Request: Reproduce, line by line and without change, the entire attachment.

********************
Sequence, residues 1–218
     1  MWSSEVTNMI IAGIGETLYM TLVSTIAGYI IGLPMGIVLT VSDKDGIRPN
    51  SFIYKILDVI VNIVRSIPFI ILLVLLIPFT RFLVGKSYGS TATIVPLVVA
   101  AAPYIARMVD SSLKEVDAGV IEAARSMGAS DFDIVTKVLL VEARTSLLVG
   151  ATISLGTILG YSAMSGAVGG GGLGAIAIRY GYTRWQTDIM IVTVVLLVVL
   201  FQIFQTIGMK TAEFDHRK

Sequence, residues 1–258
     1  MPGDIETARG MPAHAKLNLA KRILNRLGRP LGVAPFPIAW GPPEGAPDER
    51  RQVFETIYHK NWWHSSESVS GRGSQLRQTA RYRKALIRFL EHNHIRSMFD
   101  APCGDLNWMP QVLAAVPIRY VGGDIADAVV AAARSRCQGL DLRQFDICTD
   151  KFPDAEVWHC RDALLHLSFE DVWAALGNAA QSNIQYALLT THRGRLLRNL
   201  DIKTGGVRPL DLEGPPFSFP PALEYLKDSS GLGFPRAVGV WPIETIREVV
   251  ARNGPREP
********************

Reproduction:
Sequence, residues 1–218
     1  MWSSEVTNMI IAGIGETLYM TLVSTIAGYI IGLPMGIVLT VSDKDGIRPN
    51  SFIYKILDVI VNIVRSIPFI ILLVLLIPFT RFLVGKSYGS TATIVPLVVA
   101  AAPYIARMVD SSLKEVDAGV IEAARSMGAS DFDIVTKVLL VEARTSLLVG
   151  ATISLGTILG YSAMSGAVGG GGLGAIAIRY GYTRWQTDIM IVTVVLLVVL
   201  FQIFQTIGMK TAEFDHRK

Sequence, residues 1–258
     1  MPGDIETARG MPAHAKLNLA KRILNRLGRP LGVAPFPIAW GPPEGAPDER
    51  RQVFETIYHK NWWHSSESVS GRGSQLRQTA RYRKALIRFL EHNHIRSMFD
   101  APCGDLNWMP QVLAAVPIRY VGGDIADAVV AAARSRCQGL DLRQFDICTD
   151  KFPDAEVWHC RDALLHLSFE DVWAALGNAA QSNIQYALLT THRGRLLRNL
   201  DIKTGGVRPL DLEGPPFSFP PALEYLKDSS GLGFPRAVGV WPIETIREVV
   251  ARNGPREP